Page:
Without Cano, Ellsbury Doesn’t Make Sense for the Yankees

The New York Yankees made their second big heist of the offseason Tuesday, signing former Red Sox Jacoby Ellsbury to the third largest contract ever given to an outfielder. A grand total of $153 million for seven years, with an option for an eighth year that will push the value of the deal to $169 million.

This deal came at a total shock, as the Yankees finalized the $85 million deal for Brian McCann hours before signing Ellsbury, and only days prior met with Robinson Cano, who lowered his demands but is still millions apart from the Yankees’ offer. This deal just makes New York’s winter even more complicated.

I really just don’t get the deal, and for more than a few reasons. The Yankees had plenty of priorities this offseason, and getting a high-priced upgrade to the OF was not one of them. They’ve now spent over a quarter of a billion dollars to fill two spots in the lineup, and there’s still plenty more holes to fill with a possible self-imposed $189 million cap to worry about thanks to the luxury tax.

For one, they could have upgraded the outfield with cheaper alternatives to Ellsbury. As much as I didn’t want Carlos Beltran (he’s 37 and wants three years), the impact of a deal for him wouldn’t be as bad. Shin-Soo Choo does a lot of things Ellsbury does: steals bases, has more pop, plays CF (although poorly). Heck, even somebody like Corey Hart would be a good no-risk, high reward pickup.

I was afraid of Ellsbury getting a large contract, and my fears are officially realized. Now, Ellsbury is a terrific player. When healthy, he’s one of the top players in the game. He was the runner-up to Justin Verlander for MVP in 2011 and has led the league in stolen bases three times, stealing over 50 bases in each season with amazing efficiency. However, he has a long history of injuries with Boston. A history of speedsters versus the age curve is mixed, some guys playing for a long time like Rickey Henderson, others, like Carl Crawford, not so much. The only way for this deal to make sense is if there is more spending to come.

The Yankees still have other holes to fill right now. They still have to sign Robinson Cano and fill up the giant void in the rotation and the bullpen. Cano recently met with the Seattle Mariners, who seem to be hell bent on outbidding the Yankees for the superstar second baseman. Now, the Yankees don’t want to go above $180 million, so the fact that they paid Ellsbury, who isn’t even close to Cano’s level, over $150 million is just silly. They need Cano, and Cano needs them. If the Yankees want to compete next year, they have to blow past the $189M cap and pay Cano. He’s the heart of the franchise.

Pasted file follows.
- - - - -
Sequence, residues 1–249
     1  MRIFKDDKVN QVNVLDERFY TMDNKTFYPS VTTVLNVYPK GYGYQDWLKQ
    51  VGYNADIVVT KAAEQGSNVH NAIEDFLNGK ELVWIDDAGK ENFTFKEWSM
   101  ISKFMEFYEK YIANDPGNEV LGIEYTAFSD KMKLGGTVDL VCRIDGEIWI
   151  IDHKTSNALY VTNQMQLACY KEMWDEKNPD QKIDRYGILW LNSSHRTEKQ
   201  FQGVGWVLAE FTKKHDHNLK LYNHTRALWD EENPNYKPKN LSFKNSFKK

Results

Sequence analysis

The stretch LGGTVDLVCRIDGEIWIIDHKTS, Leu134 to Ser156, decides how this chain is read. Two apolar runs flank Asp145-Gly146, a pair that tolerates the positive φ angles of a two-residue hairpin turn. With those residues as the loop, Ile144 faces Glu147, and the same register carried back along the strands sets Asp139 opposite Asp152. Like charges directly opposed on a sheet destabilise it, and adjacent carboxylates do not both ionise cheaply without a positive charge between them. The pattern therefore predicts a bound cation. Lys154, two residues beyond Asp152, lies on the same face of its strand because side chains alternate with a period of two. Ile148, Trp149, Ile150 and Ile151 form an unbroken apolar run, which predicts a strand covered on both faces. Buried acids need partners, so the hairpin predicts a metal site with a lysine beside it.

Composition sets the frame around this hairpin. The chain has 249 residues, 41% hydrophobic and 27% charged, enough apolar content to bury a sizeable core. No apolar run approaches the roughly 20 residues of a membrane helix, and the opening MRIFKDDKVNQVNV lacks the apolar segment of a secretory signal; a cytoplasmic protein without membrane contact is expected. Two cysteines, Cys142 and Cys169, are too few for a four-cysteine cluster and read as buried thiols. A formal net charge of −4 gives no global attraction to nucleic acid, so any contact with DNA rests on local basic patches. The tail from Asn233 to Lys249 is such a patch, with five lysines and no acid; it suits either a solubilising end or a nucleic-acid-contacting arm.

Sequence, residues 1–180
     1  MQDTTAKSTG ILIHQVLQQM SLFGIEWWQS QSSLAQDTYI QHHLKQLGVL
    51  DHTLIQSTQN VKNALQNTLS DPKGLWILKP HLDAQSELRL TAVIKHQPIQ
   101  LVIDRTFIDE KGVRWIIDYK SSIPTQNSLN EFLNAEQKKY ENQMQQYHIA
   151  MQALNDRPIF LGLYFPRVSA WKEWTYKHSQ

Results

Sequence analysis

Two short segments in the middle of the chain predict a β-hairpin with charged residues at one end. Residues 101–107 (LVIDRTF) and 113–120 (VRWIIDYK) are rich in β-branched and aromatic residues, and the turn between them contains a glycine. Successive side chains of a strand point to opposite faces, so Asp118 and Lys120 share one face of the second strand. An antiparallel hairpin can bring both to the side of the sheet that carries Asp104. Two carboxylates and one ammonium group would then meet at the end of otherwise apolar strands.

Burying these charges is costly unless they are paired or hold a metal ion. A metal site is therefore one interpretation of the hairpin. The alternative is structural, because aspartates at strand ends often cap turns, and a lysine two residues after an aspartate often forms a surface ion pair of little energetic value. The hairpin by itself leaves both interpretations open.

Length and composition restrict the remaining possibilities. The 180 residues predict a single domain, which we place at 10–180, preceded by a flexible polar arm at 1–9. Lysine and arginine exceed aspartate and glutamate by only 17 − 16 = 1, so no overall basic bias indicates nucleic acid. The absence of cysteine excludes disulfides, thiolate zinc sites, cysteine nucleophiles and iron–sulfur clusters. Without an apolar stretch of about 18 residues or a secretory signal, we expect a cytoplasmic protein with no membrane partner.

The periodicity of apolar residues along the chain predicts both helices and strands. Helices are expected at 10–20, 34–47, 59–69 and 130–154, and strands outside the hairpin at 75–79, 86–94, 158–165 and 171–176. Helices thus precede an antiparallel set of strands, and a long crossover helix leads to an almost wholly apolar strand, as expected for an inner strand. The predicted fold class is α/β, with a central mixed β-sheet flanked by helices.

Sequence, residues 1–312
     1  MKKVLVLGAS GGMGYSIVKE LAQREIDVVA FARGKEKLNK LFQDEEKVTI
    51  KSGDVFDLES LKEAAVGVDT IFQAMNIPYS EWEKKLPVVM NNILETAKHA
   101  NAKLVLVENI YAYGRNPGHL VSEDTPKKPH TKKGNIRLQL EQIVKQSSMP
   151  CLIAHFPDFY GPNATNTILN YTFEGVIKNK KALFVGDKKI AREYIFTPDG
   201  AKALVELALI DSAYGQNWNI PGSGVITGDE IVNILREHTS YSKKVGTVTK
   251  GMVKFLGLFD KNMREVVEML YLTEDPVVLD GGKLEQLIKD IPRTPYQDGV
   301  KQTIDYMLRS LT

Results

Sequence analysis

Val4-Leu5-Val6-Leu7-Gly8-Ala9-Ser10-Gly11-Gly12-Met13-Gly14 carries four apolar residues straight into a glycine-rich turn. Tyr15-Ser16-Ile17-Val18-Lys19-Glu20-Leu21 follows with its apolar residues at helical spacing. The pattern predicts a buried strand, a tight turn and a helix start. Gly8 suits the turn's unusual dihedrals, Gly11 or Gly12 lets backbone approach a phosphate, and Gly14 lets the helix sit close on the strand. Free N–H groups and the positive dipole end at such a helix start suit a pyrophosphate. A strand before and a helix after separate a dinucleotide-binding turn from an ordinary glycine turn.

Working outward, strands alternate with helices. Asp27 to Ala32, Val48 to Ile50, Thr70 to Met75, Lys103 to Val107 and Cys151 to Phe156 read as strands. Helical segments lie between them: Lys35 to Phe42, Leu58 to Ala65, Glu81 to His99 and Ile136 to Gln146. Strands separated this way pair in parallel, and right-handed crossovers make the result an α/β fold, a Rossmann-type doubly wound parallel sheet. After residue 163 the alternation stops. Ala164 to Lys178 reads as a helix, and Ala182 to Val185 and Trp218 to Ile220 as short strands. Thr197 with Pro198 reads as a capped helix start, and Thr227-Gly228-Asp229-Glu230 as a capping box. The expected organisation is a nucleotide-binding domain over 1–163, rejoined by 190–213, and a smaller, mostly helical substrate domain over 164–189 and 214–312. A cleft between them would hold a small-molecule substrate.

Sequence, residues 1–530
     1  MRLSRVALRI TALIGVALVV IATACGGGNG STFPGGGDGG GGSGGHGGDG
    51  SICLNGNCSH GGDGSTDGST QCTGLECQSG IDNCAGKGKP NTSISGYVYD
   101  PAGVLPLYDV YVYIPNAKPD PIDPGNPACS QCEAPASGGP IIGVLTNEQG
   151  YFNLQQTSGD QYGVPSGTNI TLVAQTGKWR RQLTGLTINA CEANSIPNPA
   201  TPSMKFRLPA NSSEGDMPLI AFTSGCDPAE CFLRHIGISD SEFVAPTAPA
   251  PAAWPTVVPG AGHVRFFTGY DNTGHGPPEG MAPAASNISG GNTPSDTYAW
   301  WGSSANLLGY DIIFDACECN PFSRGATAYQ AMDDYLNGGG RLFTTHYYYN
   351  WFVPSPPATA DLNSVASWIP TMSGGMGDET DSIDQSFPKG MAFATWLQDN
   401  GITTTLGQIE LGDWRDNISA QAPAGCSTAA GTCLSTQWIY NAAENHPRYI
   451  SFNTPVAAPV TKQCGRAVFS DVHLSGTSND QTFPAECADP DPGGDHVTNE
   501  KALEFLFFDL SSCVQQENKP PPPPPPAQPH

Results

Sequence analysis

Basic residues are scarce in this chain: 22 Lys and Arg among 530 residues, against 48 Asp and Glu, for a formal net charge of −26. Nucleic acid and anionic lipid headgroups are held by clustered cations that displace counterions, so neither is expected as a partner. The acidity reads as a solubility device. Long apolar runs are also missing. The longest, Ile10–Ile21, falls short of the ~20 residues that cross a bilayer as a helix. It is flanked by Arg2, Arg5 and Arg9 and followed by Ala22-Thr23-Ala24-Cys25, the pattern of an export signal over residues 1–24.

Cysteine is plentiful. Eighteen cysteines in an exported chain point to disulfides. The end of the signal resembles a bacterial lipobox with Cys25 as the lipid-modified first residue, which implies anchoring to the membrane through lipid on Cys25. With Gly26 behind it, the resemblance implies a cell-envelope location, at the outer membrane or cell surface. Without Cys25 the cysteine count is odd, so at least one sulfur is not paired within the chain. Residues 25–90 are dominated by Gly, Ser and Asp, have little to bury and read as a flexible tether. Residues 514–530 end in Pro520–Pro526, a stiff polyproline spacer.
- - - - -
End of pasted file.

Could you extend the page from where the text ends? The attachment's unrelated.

Probably the biggest hole the Yankees have right now is the giant void in the rotation. Currently, it’s just composed of CC Sabathia, who had his worst season in the bigs this year, and Ivan Nova, who has been inconsistent in his MLB career, but was brilliant in 2013. From that 2013 rotation, Andy Pettitte and Phil Hughes are gone, but Hiroki Kuroda could possibly be on the way back. Which leaves two open spots. You could fill one with Michael Pineda or David Phelps, but that’s only if they are healthy. That’s still a major question mark.

They could fill the rest of the void in the pitching staff through free agency. Matt Garza and Ubaldo Jimenez are the best guys left, but they’re a risk that could boil over into a John Lackey/AJ Burnett situation.

Then there’s the latest Japanese star, Masahiro Tanaka. Just yesterday, MLB and Nippon Professional Baseball agreed to a deal to change the posting system which includes a maximum bidding cap. This would basically allow any posted player to negotiate with any team he wishes; previously the highest bidder had exclusive negotiating rights.

Of course, all of this may not mean a thing if the Yankees decide to buck the $189M cap altogether, and it would help them if A-Rod is suspended for the entire season, freeing up over $25 million. They could still end up signing Cano and putting together a very solid rotation (with high risk), thus making them serious contenders again and a threat to Boston’s crown.

Just imagine a lineup like this:
CF Jacoby Ellsbury
DH Derek Jeter
2B Robinson Cano
1B Mark Teixeira
RF Alfonso Soriano
C Brian McCann
LF Brett Gardner
3B Kelly Johnson
SS Brendan Ryan

And a rotation of this:
LHP CC Sabathia
RHP Hiroki Kuroda
RHP Masahiro Tanaka/Matt Garza
RHP Ivan Nova
RHP Michael Pineda/David Phelps

That’s pretty good, right? One of the best lineups in all of baseball, potentially. That rotation could also be very good. Only problem is, everything has to go right. No more injuries. People like Sabathia and Jeter have to rebound this year. In 2014, the Yankees could potentially be a championship team, or a total disaster and financial white elephant.

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